“Allowing a smoking bar creates an environment that promotes the use of tobacco and sends the wrong message to our kids — enticing and addicting young adults,” said the students in their letter. (See adjacent story for the full text of the students’ letter and their reaction to the board’s decision.)
At the conclusion of the public hearing, the members briefly expressed their views on the matter.
Chairperson Kong said that the issue is not about whether one person is a good applicant, “You have to balance the public health, something I think about every day,” said Kong. “I have to take health into consideration and vote, ‘No,’ taking into account that there are other nearby hookah bars in other communities.”
“Looking at both sides, this is very, very difficult,” said Costanza. “What is more dangerous — giving up freedom or health?” Costanza then voted in favor of the amendment.
Louaddi agreed that the issue was a difficult one because of the competing interests, but stated, “When it comes to health issues, it’s very addictive…I did some research. A one-hour hookah session is like smoking the equivalent of two packs of cigarettes.”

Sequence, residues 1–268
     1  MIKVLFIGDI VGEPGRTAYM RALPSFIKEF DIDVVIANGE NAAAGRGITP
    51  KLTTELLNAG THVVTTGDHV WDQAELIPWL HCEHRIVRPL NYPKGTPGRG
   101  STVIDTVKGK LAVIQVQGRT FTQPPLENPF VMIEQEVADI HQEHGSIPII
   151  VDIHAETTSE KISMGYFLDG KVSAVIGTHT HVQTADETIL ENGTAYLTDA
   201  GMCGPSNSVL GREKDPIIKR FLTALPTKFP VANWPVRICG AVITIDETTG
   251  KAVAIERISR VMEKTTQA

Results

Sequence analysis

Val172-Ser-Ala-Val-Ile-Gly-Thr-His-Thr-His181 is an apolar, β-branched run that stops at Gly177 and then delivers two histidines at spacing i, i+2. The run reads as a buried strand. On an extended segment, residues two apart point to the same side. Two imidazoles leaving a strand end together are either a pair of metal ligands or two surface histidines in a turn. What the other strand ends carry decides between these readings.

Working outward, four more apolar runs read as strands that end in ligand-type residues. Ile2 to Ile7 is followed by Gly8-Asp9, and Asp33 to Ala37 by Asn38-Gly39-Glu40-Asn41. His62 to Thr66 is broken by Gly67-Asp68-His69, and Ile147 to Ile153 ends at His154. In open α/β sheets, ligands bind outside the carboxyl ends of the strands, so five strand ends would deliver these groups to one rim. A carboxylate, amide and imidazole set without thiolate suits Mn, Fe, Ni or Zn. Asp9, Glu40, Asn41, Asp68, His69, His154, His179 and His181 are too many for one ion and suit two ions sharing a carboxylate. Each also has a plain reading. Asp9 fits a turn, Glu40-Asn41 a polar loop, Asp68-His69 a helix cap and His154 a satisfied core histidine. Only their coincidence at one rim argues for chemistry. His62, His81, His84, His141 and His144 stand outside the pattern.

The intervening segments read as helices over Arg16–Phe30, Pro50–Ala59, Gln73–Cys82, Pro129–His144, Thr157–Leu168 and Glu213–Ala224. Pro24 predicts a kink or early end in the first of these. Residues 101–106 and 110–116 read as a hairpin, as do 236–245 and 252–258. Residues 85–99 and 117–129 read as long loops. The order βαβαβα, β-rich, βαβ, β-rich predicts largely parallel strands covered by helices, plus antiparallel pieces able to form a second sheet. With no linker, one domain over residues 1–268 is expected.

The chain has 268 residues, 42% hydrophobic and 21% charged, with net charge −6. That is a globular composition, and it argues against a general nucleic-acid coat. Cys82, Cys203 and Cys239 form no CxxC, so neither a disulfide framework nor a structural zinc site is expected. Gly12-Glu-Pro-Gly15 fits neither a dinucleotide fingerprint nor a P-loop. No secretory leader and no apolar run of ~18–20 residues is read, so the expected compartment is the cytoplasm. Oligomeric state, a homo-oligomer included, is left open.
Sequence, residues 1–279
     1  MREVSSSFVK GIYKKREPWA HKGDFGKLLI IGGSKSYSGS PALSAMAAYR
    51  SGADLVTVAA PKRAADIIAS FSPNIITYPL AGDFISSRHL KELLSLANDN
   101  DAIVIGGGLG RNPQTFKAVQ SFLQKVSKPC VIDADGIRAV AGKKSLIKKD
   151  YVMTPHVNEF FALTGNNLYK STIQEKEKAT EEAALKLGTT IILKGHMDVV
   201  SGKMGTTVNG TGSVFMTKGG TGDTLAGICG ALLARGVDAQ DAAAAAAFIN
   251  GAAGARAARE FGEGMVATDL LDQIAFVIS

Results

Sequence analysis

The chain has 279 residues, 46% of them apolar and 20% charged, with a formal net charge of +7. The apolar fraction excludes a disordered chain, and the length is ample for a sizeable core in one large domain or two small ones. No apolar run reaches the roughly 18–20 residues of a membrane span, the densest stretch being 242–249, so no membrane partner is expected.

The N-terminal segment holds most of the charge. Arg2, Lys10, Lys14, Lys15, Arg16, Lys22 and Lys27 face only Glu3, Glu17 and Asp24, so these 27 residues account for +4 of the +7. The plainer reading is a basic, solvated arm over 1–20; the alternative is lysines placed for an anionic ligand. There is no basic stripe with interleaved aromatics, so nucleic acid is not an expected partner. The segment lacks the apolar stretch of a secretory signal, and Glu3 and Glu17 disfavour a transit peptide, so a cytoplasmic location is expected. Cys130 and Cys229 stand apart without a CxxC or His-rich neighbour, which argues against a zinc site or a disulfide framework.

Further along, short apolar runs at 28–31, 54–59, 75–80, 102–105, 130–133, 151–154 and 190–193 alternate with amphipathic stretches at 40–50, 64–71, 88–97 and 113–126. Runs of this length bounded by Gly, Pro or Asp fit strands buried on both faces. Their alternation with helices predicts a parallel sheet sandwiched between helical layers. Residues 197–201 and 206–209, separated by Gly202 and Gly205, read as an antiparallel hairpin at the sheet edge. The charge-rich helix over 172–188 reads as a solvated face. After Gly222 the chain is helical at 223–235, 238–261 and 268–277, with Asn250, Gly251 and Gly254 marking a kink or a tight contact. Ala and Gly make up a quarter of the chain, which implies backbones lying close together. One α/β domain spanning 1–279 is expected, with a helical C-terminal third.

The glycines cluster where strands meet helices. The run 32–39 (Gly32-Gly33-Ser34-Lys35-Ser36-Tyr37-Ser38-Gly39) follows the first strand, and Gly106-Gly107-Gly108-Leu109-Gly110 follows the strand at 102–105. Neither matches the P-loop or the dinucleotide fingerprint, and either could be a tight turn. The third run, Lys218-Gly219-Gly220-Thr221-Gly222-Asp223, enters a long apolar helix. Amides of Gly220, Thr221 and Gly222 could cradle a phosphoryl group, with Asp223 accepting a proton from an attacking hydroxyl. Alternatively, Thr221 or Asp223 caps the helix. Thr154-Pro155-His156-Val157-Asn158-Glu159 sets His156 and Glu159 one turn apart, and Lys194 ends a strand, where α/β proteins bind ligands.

Louaddi then voted against the amendment, sealing its defeat, 2-1.
However, the board did approve two other amendments to the smoking regulations. One amendment establishes a buffer zone of 50 feet within a public building, At the start of the meeting, Lauren Buck, the Revere Director of Public Health, noted that this particularly has been an issue outside of the city’s public schools.
The board also voted to include electronic nicotine delivery systems (which did not exist in 2004) within the purview of wherever the use of tobacco-related products presently are prohibited.
Prior to the public hearing on the amendment to the smoking regulations, the board took up some other matters on its agenda, including whether to condemn the home at 843 No. Shore Rd. Two tenants presently occupy the premises, a family of three on the first floor and an individual on the second floor.